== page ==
April 26th was a surprise day for me. I wasn’t figuring on much happening, however nature gave us a pretty supercell west of Clinton that had decent structure, hail and was tornado warned, despite limited moisture and shear. Here’s a few shots of it.
The hype of April 17th didn’t live up to its billing. Only a few brief tornadoes occurred, and most were not very visible or photogenic. We chased a supercell near Lawton that produced a messy tornado in town, and then dropped south to the Red River of a near dark supercell that produced a small tornado before we could get there.
April 22nd took me to northwest Oklahoma to play a dryline/cold front intersection. A couple of intense supercells formed near Enid and northward across the Kansas border, but we waited till the dryline storms formed by early evening. A magnificent supercell formed southwest of Woodard, and turned moving southeast towards Leedey. The structure of the storm was simply stunning, with the best photography occurring just as dusk as intercloud lightning illuminated the highly striated updraft!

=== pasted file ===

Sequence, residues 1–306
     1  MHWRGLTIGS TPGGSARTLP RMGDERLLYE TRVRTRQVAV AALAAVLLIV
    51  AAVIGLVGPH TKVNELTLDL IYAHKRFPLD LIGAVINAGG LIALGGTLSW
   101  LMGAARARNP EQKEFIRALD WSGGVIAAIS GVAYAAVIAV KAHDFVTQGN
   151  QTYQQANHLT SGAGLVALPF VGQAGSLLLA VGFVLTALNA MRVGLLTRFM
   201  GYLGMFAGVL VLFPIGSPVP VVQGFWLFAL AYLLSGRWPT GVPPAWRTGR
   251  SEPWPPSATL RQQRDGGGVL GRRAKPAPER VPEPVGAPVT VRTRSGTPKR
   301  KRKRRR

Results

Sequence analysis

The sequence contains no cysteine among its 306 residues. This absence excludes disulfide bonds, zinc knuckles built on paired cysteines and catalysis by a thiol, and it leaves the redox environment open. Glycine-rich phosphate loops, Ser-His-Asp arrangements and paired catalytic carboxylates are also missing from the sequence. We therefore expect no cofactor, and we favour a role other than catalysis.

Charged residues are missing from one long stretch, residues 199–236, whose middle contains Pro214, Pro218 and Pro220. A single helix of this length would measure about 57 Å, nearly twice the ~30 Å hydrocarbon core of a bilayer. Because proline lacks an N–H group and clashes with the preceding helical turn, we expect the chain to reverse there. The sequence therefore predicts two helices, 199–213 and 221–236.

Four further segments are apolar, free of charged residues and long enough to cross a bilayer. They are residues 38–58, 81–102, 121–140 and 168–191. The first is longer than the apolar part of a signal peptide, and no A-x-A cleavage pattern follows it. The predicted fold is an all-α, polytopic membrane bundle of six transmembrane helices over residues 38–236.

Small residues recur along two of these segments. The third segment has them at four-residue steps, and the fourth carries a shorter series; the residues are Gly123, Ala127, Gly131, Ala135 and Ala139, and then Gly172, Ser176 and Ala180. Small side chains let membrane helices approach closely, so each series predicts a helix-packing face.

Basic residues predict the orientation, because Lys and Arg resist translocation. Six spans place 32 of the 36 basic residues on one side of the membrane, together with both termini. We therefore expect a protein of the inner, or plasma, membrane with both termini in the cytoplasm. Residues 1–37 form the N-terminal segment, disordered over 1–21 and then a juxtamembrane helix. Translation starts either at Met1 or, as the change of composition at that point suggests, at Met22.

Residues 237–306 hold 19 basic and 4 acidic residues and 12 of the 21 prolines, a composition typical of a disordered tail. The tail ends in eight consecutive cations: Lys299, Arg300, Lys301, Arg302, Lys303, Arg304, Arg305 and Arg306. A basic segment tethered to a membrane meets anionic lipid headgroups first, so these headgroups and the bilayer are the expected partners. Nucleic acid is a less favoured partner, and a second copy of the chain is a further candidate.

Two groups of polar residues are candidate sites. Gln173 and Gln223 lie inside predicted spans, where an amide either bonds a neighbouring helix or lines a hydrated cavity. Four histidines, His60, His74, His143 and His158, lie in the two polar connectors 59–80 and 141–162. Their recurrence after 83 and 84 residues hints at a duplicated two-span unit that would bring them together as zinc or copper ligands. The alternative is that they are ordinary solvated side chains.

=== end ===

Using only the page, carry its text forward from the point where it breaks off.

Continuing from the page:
April 8th took me to the I-70 corridor near Flagler and then northeast to north of Burlington, Colorado. A high based supercell formed in a high shear low CAPE environment and struggled as it moved northeast, often coming close to dissipating before restrengthening again. Storm structure was decent and eventually the storm produced a brief, weak tornado north of Burlington.